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Thermally Controlled Nanocrystallization in Amorphous Al Alloys

Joseph A. Hamann 2William S. Tong 2Harald Rösner 1John H. Perepezko 2Gerhard Wilde 1

1. Forschungszentrum Karlsruhe, Institute of Nanotechnology, P.O.B. 3640, Karlsruhe D-76021, Germany
2. University of Wisconsin at Madison, Department of Materials Science and Engineering, 1509 University Avenue, Madison, WI 53706, United States


In many amorphous Al-alloys, primary crystallization is the key reaction that controls the synthesis of high strength nanostructured bulk volumes comprised of a high density (1021 - 1023 m-3) of nanocrystals (7 - 20 nm) within a residual amorphous matrix. The primary crystallization kinetics, in response to pre-crystallization annealing treatments, are assessed in specific sample types that serve as model systems to evaluate primary nanocrystallization reactions. Differential scanning calorimetry (DSC) studies on powders and melt spun ribbon (MSR) samples based upon thermal cycling and annealing below the glass transition, Tg, demonstrate a strong sensitivity of the primary crystallization onset and reaction enthalpy to thermal history and the as-quenched state. Although the sensitivity of conventional DSC is not sufficient to detect the isothermal heat evolution at 130C, the integrated effect of the heat evolution is clearly detected by DSC as a reduction in primary crystallization enthalpy during continuous heating. Varying heating rates in continuous heating calorimetry measurements demonstrates that a significant amount of crystallization occurs during continuous heating through the primary crystallization following annealing. The kinetics behavior highlights the important role of the as-synthesized amorphous structure, the reaction pathways and transient conditions and their interplay on the evolution of nanoscale microstructures during primary crystallization. The support of the DFG (WI 1899/1-2) and the ARO (DAAD 19-02-1-0245) is gratefully acknowledged.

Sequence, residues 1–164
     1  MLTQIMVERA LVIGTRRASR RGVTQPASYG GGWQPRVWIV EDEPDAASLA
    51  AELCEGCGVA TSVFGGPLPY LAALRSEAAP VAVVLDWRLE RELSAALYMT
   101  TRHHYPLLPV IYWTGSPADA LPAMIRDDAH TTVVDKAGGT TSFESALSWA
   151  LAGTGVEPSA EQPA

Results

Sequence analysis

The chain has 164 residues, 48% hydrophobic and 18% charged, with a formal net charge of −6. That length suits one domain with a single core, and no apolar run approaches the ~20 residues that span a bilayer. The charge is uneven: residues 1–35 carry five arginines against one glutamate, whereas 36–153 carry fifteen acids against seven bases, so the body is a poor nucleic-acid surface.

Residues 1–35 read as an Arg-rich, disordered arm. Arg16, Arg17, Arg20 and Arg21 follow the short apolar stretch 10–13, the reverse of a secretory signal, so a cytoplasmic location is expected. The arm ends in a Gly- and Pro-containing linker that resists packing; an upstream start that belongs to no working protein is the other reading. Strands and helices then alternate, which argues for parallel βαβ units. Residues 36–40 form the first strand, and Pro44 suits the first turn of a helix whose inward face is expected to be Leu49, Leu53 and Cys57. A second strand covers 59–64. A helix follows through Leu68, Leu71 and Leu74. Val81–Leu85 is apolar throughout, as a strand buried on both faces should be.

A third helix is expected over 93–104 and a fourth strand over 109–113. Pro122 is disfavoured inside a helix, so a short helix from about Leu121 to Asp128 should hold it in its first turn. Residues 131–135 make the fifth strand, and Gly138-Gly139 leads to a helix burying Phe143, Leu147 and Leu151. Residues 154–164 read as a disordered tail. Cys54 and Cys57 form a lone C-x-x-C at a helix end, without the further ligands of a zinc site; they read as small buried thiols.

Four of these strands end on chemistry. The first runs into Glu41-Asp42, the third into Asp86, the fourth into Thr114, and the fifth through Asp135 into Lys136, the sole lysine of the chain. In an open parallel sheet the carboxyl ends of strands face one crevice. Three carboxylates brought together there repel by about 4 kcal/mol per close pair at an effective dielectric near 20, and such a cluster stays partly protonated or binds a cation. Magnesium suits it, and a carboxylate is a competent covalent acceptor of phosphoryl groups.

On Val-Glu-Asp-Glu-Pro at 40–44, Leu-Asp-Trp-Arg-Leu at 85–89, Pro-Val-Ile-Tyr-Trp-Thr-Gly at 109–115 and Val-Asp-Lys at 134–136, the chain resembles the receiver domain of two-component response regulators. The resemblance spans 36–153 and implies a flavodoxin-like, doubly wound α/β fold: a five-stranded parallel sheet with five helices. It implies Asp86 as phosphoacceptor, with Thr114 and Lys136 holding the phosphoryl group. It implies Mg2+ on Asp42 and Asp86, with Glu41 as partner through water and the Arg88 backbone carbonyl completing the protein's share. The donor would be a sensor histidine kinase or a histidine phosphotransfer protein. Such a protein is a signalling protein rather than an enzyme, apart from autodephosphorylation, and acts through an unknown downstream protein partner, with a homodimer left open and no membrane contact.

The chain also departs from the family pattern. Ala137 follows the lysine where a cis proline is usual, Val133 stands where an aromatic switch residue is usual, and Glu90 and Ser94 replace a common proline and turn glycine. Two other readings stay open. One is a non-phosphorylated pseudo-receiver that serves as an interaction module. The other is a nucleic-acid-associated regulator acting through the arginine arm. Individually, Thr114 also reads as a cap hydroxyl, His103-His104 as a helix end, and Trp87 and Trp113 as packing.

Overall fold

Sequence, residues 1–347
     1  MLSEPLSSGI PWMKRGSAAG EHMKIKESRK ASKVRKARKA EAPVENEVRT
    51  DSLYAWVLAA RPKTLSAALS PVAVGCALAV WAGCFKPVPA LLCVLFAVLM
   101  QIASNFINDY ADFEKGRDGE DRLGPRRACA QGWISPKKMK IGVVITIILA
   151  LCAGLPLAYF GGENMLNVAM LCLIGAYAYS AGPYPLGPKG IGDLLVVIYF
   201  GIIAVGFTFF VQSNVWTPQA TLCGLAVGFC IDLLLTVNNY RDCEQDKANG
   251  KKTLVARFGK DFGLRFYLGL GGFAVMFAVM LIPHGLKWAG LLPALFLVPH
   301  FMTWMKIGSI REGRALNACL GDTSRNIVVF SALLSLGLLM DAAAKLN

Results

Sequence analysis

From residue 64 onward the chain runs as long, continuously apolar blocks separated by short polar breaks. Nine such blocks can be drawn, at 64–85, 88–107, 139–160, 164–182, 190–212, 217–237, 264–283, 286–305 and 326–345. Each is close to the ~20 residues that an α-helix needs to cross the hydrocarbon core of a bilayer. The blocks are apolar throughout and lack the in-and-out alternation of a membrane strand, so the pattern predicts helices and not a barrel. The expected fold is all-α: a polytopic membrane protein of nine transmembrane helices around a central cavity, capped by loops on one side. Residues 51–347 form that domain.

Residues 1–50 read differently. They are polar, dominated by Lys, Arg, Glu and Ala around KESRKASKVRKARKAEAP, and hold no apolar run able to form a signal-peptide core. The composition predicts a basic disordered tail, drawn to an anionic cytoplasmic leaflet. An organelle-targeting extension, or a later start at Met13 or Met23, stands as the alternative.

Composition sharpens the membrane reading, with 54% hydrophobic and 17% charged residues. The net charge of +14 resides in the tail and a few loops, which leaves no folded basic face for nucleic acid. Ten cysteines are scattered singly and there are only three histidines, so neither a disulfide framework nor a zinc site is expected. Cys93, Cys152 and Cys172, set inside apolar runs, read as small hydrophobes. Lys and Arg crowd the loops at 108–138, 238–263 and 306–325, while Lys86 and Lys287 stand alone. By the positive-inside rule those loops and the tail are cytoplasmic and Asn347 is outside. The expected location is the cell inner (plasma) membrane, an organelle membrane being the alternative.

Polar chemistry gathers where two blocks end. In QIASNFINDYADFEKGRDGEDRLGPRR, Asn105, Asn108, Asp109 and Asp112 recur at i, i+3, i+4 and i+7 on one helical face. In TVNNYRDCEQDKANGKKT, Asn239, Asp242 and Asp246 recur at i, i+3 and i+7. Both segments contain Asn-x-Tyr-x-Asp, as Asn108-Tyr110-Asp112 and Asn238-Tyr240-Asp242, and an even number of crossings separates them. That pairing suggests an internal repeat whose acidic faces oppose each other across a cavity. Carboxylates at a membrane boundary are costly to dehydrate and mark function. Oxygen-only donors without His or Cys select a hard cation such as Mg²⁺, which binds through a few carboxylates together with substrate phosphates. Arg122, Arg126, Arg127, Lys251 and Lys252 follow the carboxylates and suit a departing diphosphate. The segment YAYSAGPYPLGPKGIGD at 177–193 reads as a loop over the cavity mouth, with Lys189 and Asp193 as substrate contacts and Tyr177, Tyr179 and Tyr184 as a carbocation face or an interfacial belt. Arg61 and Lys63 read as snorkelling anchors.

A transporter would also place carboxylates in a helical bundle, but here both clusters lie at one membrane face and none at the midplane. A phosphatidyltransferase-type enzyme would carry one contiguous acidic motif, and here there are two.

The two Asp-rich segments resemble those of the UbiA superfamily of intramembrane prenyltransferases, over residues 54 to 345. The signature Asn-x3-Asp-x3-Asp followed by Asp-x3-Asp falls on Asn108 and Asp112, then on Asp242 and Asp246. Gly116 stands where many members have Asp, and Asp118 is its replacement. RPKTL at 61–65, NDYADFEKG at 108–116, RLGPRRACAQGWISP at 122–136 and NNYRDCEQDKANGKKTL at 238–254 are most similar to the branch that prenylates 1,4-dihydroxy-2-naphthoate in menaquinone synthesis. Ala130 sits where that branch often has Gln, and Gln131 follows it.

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Presentation: oral at E-MRS Fall Meeting 2003, Symposium G, by Joseph A. Hamann
See On-line Journal of E-MRS Fall Meeting 2003

Submitted: 2003-06-17 12:52
Revised:   2009-06-08 12:55